The drowned woman and her husband  

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Train wreck at Montparnasse (October 22, 1895) by Studio Lévy and Sons.
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Train wreck at Montparnasse (October 22, 1895) by Studio Lévy and Sons.

The drowned woman and her husband is an anti-feminist story found in Mediaeval jest-books that entered the fable tradition in the 16th century. It was occasionally included in collections of Aesop's Fables but never became established as such and has no number in the Perry Index.

The story

One of the earliest appearances of the story is in the 12th century, when it was included in Marie de France's rhymed fables, the Ysopet, under the title "The man who had a contrary wife" (tale 96). Its most concise telling is in Poggio Bracciolini's Facetiae (1450), where it is titled "The man who searched in the river for his dead wife":

A man, whose wife had drowned in a stream, went up the river against the current to look for the body. A peasant who saw him marvelled greatly at this, and advised him to follow the flow of the current. "In that case", returned the first, "I should never find her, for when she was alive she was always difficult and contrary and went against the ways of others, so I am sure now that she is dead, she will go against the current of the stream."[1] --tr. Edward Storer

The language that Poggio uses is Latin, but there is an English retelling in The Hundred Merry Tales (c.1520) and another in Geoffrey Whitney's Choice of Emblemes (1586). In Italy there had been the elegant Latin verses of Gabriele Faerno's influential Centum Fabulae (1554) and the Italian rhyming version by Giovanni Maria Verdizotti (1570). But the most influential telling of all was Jean de la Fontaine's fable of "The drowned wife" (La femme noyée, III.16) included in his Fables Choisies of 1668. In this he deprecates the anti-feminist trend of the story but uses it as an illustration of how a governing nature persists throughout life 'and even beyond, perhaps'.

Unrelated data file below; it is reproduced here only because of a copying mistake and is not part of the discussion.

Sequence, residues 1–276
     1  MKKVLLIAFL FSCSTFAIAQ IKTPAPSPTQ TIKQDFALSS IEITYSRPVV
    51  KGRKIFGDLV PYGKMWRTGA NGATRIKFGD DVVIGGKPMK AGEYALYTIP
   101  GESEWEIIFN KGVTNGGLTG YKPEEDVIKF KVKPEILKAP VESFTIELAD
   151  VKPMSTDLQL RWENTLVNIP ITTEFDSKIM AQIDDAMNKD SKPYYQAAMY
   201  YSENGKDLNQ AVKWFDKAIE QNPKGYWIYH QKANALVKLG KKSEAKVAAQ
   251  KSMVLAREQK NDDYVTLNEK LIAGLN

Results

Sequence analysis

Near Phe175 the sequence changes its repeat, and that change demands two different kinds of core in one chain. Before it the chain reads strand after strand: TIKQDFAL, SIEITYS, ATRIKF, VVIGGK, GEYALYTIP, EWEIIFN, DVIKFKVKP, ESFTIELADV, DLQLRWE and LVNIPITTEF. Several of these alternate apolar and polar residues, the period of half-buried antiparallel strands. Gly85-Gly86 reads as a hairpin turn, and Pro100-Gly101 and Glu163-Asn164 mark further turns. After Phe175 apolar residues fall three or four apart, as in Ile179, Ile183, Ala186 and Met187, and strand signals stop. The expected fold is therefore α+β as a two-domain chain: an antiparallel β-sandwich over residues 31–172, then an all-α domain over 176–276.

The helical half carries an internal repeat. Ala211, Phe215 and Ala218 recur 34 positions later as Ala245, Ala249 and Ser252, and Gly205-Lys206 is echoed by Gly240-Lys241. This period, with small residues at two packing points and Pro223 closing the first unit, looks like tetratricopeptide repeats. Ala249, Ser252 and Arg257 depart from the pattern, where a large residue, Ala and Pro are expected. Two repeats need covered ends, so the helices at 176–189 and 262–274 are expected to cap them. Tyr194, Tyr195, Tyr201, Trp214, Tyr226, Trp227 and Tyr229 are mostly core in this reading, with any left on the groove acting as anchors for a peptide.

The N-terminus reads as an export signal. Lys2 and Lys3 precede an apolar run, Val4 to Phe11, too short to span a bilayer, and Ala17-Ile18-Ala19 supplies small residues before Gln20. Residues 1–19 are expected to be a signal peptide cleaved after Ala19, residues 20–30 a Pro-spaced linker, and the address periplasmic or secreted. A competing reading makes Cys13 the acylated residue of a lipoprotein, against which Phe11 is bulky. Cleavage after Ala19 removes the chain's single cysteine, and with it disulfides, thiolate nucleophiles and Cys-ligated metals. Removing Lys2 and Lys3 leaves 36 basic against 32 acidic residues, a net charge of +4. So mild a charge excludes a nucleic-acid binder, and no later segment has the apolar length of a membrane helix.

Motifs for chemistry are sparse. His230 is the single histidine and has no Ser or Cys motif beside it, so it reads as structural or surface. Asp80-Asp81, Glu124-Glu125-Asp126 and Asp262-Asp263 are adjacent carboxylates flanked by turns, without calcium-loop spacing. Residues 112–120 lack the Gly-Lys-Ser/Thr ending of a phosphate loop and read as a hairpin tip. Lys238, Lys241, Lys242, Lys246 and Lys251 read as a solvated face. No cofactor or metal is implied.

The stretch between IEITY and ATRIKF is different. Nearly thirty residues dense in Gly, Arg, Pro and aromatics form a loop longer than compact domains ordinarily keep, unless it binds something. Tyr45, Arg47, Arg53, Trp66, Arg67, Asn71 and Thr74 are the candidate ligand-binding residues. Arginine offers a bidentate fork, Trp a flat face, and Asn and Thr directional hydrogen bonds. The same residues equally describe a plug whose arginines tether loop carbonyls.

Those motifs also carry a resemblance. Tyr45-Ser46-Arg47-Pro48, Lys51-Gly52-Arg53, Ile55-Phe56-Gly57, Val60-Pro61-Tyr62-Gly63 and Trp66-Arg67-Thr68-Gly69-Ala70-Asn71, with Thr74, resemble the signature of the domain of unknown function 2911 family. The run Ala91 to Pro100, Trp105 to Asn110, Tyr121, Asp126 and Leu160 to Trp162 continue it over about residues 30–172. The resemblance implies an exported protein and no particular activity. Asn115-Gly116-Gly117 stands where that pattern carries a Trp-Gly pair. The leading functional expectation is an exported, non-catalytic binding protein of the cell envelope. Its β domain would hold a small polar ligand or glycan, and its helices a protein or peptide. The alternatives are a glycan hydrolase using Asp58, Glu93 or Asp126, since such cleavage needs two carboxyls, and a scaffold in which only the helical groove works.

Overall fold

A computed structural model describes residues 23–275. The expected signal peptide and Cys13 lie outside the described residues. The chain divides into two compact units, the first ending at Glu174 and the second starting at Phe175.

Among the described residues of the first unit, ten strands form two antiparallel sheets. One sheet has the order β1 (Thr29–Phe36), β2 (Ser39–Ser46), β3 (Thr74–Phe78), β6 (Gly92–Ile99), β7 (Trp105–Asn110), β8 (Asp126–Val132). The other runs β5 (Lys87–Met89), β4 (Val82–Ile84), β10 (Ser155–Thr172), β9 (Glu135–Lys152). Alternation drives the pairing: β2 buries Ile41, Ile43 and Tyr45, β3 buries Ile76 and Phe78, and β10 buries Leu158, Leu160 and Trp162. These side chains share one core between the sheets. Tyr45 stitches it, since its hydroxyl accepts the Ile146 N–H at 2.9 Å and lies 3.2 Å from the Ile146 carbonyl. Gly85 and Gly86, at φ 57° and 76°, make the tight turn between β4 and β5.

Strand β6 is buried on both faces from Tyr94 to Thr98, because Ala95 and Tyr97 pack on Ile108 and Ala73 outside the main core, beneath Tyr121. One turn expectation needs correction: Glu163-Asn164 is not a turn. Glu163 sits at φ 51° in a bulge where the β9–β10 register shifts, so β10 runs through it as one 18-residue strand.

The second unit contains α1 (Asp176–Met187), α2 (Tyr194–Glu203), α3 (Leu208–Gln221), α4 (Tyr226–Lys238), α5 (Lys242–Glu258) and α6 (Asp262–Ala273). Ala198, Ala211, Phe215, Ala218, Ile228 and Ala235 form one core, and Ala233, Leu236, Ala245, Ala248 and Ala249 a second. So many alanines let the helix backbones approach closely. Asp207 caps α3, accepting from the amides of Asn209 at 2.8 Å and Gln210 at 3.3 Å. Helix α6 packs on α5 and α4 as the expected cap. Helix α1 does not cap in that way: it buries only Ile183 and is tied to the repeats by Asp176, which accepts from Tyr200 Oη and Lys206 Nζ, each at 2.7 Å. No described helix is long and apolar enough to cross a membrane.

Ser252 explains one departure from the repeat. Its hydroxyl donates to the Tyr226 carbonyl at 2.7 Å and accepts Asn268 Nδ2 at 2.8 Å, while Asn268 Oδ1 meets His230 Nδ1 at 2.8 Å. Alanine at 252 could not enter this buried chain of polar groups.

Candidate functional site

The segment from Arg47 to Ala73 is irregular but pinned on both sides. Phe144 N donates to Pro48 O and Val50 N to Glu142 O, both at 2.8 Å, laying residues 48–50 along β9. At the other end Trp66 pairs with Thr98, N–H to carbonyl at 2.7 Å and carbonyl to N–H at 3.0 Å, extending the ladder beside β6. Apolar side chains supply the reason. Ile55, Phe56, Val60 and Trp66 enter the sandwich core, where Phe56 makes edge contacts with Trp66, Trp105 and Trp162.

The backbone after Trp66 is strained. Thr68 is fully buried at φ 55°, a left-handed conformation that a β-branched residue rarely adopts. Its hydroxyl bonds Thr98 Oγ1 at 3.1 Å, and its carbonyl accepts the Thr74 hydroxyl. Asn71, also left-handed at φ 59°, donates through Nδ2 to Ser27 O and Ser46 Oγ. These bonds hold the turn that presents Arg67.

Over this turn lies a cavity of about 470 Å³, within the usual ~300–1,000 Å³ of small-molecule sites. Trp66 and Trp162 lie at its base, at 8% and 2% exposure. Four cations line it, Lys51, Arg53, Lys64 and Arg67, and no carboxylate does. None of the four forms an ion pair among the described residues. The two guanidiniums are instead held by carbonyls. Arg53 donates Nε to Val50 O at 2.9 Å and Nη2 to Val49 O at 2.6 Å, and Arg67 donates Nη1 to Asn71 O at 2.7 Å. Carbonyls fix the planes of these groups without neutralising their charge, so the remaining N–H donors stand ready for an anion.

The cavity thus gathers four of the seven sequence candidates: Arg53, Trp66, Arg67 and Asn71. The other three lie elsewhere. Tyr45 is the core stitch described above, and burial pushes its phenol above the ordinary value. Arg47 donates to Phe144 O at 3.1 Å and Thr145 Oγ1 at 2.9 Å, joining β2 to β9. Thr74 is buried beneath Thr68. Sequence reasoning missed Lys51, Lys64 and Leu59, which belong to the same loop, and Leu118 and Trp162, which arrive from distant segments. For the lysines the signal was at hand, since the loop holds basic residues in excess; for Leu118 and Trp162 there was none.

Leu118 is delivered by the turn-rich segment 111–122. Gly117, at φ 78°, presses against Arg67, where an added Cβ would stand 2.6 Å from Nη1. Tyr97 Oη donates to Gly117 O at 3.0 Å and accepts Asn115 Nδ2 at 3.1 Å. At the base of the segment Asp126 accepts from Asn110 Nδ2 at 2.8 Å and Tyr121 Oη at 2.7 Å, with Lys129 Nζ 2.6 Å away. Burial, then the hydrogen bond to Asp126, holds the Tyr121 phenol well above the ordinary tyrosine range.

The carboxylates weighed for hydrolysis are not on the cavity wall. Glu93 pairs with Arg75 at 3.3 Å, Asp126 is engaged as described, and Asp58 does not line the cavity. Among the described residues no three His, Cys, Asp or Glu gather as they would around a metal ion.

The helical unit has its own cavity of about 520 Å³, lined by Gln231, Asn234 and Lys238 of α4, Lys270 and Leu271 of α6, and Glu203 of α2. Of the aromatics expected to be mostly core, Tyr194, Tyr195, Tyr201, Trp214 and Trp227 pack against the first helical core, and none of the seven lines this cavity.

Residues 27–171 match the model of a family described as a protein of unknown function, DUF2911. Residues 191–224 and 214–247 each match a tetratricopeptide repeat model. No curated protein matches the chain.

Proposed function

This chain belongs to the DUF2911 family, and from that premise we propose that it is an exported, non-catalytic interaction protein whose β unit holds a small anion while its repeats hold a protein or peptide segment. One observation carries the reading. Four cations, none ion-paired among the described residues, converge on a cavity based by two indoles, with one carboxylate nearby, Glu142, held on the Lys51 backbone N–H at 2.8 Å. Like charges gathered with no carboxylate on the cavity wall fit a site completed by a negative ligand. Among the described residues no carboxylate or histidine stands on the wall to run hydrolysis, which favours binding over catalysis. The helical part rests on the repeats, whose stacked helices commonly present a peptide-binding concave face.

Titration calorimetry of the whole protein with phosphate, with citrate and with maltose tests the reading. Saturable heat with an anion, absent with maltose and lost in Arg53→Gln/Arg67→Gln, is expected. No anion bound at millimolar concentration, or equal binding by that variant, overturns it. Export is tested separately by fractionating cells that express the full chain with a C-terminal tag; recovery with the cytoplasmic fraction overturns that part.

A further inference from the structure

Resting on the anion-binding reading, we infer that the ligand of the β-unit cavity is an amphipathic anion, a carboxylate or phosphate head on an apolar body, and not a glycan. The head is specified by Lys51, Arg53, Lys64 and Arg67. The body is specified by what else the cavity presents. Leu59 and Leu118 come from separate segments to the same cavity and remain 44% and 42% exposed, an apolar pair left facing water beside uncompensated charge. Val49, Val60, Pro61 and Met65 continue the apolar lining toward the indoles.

La Fontaine begins his account by protesting that he is not among those who use the contemporary French idiom, 'it's nothing, just a woman drowning', referring to those who lazily subscribed to such societal attitudes. At the end he echoes Faerno's conclusion that a person's nature does not change. Poggio's jest book and the English 'Merry Tales', on the other hand, avoid drawing a moral and end on the popular idiom of 'swimming against the current', used of just such characters as the contrary wife is said to be. Apparently the influence of the story has been such that the saying 'She’s so contrary that if she drowned they’d have to look upstream for her' is recorded as still current.

Artistic uses

Pictures of the fable in books for some centuries usually depicted a group of men pointing opposite ways by the stream-side, following the emblematic lead of the German illustrator of Fearno's Centum Fabulae (1590) It was only much later that attention switched to a compassionate view of the drowned woman, as in Gustave Doré's illustration of the fable (above) and Marc Chagall's 1952 etching. These follow in the wake of sympathetic treatments of the subject like the "Ophelia" (1852) of John Everett Millais and "A Christian martyr drowned in the Tiber during the reign of Diocletian[2]" (1855) by Hippolyte Delaroche.

In the 20th century two composers set La Fontaine's words to music. In 1954 Florent Schmitt included it in his Fables sans morales for mixed choir or four soloists (Op. 130). It is also among the four pieces in Isabelle Aboulker's Femmes en fables (1999).




Unless indicated otherwise, the text in this article is either based on Wikipedia article "The drowned woman and her husband" or another language Wikipedia page thereof used under the terms of the GNU Free Documentation License; or on original research by Jahsonic and friends. See Art and Popular Culture's copyright notice.

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